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Psychiatry. 2011 Spring;74(1):49-57. doi: 10.1521/psyc.2011.74.1.49.

The role of mentalization in the psychoanalytic treatment of chronic depression.

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University of Kassel in Germany.


Mentalization has been proposed as a key concept in understanding therapeutic change in patients with Borderline Personality Disorder (BPD). However, little is known about mentalization in chronic depression. This study investigated the role of mentalization in the long-term psychoanalytic treatment of chronic depression. Mentalization measured with the Reflective Functioning Scale (RFS) was examined in patients with chronic depression (n = 20) in long-term psychoanalytic treatment and compared to healthy controls (n = 20). Results show that global RF scores did not differ significantly between patients and controls. However, depressed patients tended to have lower RF scores concerning issues of loss. Furthermore, RF was unrelated to symptoms and distress as assessed by the Beck Depression Inventory (BDI) and the SCL-90. RF did not predict therapeutic outcome as measured with the BDI but predicted changes in general distress after 8 months of psychoanalytic treatment as measured by the SCL-90. Moreover, correlations between RF and the Helping Alliance Questionnaire indicated that patients with higher RF were able to establish a therapeutic alliance more easily compared to patients with low RF.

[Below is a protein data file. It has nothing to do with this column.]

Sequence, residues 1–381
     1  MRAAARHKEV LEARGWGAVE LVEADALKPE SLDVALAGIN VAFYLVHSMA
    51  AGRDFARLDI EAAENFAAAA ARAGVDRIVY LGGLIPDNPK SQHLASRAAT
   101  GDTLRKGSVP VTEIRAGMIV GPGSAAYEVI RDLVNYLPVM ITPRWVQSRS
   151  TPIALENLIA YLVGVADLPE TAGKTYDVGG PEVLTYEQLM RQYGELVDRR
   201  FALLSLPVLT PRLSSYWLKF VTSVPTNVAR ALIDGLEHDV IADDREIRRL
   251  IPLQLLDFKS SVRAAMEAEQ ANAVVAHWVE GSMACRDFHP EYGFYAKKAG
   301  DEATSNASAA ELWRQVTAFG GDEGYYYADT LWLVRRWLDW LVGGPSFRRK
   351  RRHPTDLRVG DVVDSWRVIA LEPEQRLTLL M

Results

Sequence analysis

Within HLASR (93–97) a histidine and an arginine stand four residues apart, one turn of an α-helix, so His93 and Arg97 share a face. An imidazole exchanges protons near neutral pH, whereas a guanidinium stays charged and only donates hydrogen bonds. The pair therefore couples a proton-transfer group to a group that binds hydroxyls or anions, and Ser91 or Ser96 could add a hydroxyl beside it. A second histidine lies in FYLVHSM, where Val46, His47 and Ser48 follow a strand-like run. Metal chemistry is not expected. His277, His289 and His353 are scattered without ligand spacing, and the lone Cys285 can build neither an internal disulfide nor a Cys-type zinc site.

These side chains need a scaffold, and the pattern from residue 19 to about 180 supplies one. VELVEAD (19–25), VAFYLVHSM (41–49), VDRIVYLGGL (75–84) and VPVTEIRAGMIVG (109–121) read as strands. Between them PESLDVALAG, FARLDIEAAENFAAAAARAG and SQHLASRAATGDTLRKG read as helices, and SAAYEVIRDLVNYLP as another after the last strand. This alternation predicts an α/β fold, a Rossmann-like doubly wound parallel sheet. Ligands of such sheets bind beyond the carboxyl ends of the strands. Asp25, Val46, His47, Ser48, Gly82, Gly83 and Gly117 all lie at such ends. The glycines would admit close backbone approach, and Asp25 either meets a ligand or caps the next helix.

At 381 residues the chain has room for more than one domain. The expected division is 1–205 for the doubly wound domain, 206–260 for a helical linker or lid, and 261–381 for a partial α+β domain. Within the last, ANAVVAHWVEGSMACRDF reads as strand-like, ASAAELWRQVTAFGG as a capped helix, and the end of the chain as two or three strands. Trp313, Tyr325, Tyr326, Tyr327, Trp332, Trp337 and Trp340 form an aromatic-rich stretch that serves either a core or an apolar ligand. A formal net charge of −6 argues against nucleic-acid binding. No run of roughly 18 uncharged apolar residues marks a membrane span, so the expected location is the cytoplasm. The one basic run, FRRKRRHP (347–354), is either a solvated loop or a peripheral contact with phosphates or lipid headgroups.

[Indexed for MEDLINE]

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